The Heroes of Olympus
The Lost Hero 4/5
The Son of Neptune 4.25/5
The Mark of Athena 4.5/5
The Heroes of Olympus is the continuation of adventures following on from Percy Jackson and The Olympians series. These books focus on the characters, Percy, Annabeth, Jason, Piper, Leo, Hazel and Frank as they attempt to complete quests regarding the New Great Prophecy. At the end of the end of The Last Olympian, Rachel, the new Oracle speaks the New Great Prophecy.
Seven half-bloods shall answer the call
To storm or fire, the world must fall
An oath to keep with a final breath,
And foes bear arms to the Doors of Death
The Heroes of Olympus brings together the Greek and Roman aspects of the Gods, which adds a new dimension to the story, as the Gods have sometimes shifted between their Greek and Roman forms. This has led to demi-gods being born to the different versions of the Gods, and they inherit different characteristics and throughout history the Greeks and Romans have been enemies. But the line ‘And foes bear arms to the Doors of Death’ suggests that Greek and Roman demi-gods will have to co-operate in order to defeat Gaia.
The Lost Hero brings a new set of heroes together: Jason, Piper and Leo. Jason has had his memories stolen, Piper’s father has been captured by the giant, Enceladus and Leo is dealing with a guilty conscience as they embark on their first quest together. The Lost Hero is similar to the Lightening Thief to the extent that new friendships are formed between the triumvirate of heroes; Riordan uses first person perspective to extremely good effect as the audience becomes attached, sympathetic and supportive of each character. Piper’s father has been captured by Enceladus and the goddess Hera is also incapacitated with her powers being drained to help the rise of legendary giant, Porphyrion. On their quest to save Hera and Piper’s father, they are met by a series of Gods and monsters, some of which are meant to be dead. The three of them have been brought together as part of an elaborate plan made by Hera/Juno to defeat Gaia. This is an engaging start to this pentalogy and I really enjoyed the first person perspective and the introduction of Gods and monsters from mythology that the three of them meet on their way.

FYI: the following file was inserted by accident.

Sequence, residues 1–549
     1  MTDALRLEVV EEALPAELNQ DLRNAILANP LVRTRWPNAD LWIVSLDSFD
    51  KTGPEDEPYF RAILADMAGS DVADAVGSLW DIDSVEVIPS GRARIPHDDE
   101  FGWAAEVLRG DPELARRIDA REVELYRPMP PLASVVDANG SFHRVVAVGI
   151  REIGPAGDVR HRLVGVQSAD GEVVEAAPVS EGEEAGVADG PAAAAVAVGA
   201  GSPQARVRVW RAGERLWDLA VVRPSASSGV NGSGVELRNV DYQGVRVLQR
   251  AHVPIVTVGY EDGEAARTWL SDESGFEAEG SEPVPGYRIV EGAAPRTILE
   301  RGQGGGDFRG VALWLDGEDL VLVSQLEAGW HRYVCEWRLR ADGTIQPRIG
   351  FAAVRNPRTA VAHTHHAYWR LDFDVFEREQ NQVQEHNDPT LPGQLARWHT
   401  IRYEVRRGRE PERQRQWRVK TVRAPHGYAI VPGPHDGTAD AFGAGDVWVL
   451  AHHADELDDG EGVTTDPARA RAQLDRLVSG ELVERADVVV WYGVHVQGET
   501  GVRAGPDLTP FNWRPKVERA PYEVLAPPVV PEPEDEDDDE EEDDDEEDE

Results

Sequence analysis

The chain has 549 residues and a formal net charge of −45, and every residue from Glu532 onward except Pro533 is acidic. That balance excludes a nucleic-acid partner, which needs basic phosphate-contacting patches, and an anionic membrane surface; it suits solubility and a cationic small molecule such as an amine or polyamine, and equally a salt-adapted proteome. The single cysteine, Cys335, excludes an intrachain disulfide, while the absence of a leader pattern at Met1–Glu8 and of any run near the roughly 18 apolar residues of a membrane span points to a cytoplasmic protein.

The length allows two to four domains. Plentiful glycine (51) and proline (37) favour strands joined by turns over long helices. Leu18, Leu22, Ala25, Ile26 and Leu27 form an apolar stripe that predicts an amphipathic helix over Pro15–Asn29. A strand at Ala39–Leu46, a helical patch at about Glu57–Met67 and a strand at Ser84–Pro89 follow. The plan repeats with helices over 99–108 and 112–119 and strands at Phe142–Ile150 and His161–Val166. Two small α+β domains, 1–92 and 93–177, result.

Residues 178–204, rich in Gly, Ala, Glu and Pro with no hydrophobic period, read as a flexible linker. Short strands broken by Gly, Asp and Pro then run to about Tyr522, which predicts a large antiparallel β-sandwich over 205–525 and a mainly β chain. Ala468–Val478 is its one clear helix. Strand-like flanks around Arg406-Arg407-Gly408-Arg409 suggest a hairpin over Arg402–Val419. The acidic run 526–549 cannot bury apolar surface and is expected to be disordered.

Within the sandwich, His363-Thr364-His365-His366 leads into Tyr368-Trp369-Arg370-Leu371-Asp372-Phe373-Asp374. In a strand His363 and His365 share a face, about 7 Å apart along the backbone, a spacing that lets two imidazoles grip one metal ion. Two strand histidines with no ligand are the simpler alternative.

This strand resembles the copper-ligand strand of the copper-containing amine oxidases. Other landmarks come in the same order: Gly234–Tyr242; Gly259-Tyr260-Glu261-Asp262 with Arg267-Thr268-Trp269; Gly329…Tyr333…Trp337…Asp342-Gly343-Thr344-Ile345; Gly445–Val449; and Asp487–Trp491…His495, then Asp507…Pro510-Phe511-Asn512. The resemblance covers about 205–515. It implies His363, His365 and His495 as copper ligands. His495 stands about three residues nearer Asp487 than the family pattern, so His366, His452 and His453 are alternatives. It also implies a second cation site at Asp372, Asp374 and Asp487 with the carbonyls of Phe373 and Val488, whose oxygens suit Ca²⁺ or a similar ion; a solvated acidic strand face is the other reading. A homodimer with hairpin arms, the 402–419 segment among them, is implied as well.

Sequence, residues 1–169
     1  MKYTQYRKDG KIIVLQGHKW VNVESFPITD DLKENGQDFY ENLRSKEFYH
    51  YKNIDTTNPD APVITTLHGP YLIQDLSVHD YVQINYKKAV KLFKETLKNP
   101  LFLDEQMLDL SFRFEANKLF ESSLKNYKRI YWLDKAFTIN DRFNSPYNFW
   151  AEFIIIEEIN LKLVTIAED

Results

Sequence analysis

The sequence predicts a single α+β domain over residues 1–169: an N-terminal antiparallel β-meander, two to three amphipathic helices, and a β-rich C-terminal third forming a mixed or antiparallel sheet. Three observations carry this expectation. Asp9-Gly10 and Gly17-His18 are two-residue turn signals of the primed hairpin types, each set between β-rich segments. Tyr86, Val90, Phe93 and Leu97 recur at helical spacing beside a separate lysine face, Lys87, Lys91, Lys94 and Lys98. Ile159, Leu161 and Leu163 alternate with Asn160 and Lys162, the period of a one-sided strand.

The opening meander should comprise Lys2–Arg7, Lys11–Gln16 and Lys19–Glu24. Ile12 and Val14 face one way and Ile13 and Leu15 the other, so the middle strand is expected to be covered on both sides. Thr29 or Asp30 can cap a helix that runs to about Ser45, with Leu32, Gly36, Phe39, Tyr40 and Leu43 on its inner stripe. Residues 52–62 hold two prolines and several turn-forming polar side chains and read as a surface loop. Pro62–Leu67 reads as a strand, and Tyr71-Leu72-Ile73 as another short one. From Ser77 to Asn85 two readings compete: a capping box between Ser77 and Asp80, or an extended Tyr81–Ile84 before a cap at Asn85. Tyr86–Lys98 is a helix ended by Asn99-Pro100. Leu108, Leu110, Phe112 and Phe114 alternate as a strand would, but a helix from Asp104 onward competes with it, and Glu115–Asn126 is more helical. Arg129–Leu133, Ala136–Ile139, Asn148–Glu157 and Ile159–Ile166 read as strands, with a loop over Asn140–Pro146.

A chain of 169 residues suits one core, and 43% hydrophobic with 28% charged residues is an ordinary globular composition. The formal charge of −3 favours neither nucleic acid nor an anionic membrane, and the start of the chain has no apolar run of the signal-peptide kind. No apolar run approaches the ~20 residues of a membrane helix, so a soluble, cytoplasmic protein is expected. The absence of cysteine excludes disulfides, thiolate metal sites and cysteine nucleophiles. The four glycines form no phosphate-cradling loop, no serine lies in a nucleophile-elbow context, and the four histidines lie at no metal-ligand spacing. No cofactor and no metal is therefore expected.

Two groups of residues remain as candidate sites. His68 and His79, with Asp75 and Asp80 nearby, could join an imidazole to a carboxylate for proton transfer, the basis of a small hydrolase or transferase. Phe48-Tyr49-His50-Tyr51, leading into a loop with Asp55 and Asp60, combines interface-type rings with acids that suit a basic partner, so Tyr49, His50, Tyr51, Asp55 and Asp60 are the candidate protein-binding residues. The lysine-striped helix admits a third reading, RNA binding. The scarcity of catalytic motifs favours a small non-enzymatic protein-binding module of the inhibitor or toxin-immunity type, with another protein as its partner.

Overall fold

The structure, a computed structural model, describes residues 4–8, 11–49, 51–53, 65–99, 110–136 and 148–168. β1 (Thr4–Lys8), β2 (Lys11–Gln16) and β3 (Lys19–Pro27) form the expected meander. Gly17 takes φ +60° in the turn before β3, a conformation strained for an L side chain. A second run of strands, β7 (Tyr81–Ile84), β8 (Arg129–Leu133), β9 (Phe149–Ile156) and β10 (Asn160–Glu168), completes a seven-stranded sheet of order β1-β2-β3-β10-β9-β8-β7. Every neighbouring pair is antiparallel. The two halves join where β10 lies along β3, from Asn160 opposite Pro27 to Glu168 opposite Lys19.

The Son of Neptune sees the return of the main protagonist, Percy Jackson. This time he is accompanied by Hazel and Frank. Percy like Jason has had his memory taken away by Hera and he ends up at Camp Jupiter, the Roman equivalent to Camp Half-Blood. The only thing that he remembers from his past is his girlfriend, Annabeth. The three of them are assigned a ‘suicidal’ quest to Alaska, the one place where the Gods hold no power, to free the God of Death. Not only do they have to complete this quest, they also have to return by the Feast of Fortuna to help defend Camp Jupiter from Gaia’s army led by the giant, Polybotes. Along the way we learn of Frank’s immense vulnerability and power, Hazel’s second chance at life and how she has a personal experience with the undefeatable giant that waits for them in Alaska. The Son of Neptune is a thrilling and unpredictable ride and the ending is fiery brilliant which sets up the next adventure in this awesome series.
The Mark of Athena sees the seven people chosen for the prophecy on a quest together for the first time. The quest takes them to Rome for three things: to prevent the destruction of Rome, to save Nico D’Angelo and to find the Mark of Athena. This is my favourite book of the series so far because of the sheer scale of their task, the amount of adventures in Rome and on the way and the developing friendships and romances aboard the Argo II. It also sees Percy and Annabeth’s relationship reconvene and there are a plethora of heart-wrenching feelings that are shared whenever Riordan focuses on either of them. The seven of them encounter an abundance of Gods and monsters as they make their way to Rome, while in Rome, each of them play a pivotal role in the outcome of this quest. I felt this book explored each hero’s feelings deeply and concisely creating a close connection between the characters and the reader. Also, I found the tasks that the heroes undertook were more challenging and required greater wisdom and co-operation from the heroes. These aspects grew as the story progressed and this was reciprocated by the friendships formed on the Argo II which will stand them in good stead for their next quest.
When the 8th October arrives I will be rushing into my nearest bookshop to purchase House of Hades not only because I am a massive fan of the series but also because of the truly edge-of-the-seat ending which left me aching to find out what happens next.